Madonna's activism has been particularly wearying of late. At an August concert, she superimposed a swastika on the forehead of French politician Marine Le Pen; the next month she "ironically" called President Obama a "black Muslim" while "endorsing" him at a performance in Washington. But somehow her co-opting of the attack on Malala leaves an especially sour taste in the mouth, and not just because it seems a wee bit tone deaf to honor a modest Muslim girl by stripping down to your underwear and displaying her name on your skin.

No, what's most troubling about Madonna's "Malala moment" is that it doesn't promote Malala's message as much as twist it.

With her head scarf and her earnest, un-primped face, Malala symbolizes the idea that girls can transcend their status as potentially exploitable sex objects. Madonna doesn't transcend objectification, she courts it. Sure, she tried to start a girls school in Malawi, but the feminism she's best known for is one that constantly plays with the archetypes of female sexual objectification: the cheerleader, the Catholic schoolgirl, the femme fatale, the dominatrix. She may intend it as cleverly transgressive, but to a lot of people — particularly those less accustomed to viewing everything through an ironic lens — it looks like plain and simple depravity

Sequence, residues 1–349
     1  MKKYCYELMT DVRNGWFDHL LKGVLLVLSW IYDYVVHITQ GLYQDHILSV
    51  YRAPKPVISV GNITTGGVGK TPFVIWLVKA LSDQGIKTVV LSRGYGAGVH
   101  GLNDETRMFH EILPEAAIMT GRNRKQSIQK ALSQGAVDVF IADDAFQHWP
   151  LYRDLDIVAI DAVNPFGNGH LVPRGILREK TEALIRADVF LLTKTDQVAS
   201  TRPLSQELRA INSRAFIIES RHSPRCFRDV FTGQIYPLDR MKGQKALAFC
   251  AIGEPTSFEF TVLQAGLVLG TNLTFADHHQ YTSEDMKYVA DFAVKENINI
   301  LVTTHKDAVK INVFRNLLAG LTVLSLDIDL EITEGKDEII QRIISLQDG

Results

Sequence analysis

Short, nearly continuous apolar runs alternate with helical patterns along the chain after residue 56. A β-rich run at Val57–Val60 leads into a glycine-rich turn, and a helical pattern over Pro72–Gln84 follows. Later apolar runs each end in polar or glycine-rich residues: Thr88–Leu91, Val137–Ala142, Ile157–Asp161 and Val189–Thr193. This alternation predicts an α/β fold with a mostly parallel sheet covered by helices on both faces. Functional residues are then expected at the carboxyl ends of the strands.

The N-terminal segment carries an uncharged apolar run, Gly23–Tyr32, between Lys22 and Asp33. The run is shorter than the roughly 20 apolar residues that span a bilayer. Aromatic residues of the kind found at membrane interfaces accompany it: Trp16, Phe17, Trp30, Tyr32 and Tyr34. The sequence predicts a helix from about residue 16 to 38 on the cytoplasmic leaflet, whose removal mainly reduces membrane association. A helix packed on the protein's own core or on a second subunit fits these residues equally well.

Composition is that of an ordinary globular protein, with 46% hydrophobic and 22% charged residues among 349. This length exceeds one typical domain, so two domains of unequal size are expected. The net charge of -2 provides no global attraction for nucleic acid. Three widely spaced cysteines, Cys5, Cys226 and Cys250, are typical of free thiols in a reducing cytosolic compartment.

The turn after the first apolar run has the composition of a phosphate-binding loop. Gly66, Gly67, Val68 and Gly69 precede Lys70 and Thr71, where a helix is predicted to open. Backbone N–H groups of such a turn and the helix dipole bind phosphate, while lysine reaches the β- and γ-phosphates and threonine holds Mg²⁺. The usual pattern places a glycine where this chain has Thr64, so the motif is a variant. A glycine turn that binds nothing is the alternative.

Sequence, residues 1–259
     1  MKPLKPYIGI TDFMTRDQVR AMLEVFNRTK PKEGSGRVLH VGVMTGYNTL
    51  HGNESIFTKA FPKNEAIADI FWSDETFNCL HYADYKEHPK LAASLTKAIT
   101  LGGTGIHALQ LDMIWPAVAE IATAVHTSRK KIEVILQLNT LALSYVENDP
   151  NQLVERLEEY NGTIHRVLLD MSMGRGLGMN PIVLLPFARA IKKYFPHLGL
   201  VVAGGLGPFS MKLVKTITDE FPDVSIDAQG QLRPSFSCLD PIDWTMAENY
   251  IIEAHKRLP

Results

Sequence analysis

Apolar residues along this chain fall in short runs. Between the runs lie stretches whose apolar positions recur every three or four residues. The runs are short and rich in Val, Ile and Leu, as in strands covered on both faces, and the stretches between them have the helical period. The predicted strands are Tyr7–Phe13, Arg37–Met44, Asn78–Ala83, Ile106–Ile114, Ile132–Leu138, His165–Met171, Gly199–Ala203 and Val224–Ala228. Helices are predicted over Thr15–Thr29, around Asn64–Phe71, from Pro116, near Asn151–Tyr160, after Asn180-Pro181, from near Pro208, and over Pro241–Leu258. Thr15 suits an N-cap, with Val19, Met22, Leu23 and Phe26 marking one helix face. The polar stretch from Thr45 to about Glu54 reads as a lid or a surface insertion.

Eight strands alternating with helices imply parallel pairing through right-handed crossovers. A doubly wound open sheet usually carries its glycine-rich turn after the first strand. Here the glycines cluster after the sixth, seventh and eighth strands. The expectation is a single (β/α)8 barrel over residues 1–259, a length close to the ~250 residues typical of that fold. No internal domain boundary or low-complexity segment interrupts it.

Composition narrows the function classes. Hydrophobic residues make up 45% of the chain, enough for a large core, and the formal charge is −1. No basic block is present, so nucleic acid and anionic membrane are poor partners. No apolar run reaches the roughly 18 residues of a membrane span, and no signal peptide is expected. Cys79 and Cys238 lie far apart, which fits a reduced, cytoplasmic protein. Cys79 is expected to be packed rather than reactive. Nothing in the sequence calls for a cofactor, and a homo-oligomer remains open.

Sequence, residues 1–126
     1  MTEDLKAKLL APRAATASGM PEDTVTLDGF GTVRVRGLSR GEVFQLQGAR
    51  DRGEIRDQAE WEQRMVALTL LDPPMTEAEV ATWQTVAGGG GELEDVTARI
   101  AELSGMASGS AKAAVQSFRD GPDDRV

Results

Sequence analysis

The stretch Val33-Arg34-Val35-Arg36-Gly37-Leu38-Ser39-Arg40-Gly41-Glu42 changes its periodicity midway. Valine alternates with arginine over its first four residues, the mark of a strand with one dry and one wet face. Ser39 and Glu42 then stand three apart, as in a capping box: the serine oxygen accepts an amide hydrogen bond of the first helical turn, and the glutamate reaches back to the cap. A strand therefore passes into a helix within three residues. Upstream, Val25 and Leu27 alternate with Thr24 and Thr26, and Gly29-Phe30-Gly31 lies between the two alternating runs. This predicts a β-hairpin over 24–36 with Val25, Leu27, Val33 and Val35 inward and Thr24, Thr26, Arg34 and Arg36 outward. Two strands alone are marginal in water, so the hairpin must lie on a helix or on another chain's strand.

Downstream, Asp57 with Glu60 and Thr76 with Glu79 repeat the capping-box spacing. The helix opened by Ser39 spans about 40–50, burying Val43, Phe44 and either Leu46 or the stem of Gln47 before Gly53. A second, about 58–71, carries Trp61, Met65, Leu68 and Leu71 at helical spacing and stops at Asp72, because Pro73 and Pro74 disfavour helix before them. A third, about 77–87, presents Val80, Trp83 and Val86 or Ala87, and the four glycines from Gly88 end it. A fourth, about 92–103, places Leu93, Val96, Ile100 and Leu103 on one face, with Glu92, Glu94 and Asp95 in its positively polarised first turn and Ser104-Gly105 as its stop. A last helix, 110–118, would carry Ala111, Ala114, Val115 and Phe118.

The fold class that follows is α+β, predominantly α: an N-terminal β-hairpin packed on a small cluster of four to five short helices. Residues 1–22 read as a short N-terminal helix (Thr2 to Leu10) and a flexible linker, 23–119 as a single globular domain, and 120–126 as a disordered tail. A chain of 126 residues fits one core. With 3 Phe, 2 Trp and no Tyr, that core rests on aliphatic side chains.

With her relentless self-promotion, envelope pushing and obsession with her body, Madonna is, in a very real sense, an extremist. And, sadly, that means she taps right into extremist ideas about "Western freedom" and what happens when women gain power, not to mention an education. In other words, by "supporting" Malala, Madonna might be putting the teenager even more into harm's way.

Of course, what matters most right now is not sexual politics but Malala's condition. Doctors call her prognosis good, but her treatment and rehabilitation could take months. In the meantime, maybe Madonna should find a new stencil for her back. After Tuesday's presidential debate, the word "binders" ought to fit nicely.

mdaum@latimescolumnists.com

Copyright © 2015, Los Angeles Times
Related Content
  • Would the GOP's healthcare ideas work? It depends on your definition of 'work.'

    Would the GOP's healthcare ideas work? It depends on your definition of 'work.'